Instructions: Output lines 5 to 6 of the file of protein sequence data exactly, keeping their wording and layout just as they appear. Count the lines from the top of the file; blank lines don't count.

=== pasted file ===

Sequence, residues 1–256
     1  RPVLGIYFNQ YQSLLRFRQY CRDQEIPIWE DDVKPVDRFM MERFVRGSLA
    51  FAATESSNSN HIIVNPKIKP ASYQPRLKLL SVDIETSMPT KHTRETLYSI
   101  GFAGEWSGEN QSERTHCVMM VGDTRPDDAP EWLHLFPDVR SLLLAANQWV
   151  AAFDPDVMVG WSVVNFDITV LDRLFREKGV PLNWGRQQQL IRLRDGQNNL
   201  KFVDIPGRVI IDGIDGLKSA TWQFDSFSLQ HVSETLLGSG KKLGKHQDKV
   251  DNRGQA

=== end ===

   151  AAFDPDVMVG WSVVNFDITV LDRLFREKGV PLNWGRQQQL IRLRDGQNNL
   201  KFVDIPGRVI IDGIDGLKSA TWQFDSFSLQ HVSETLLGSG KKLGKHQDKV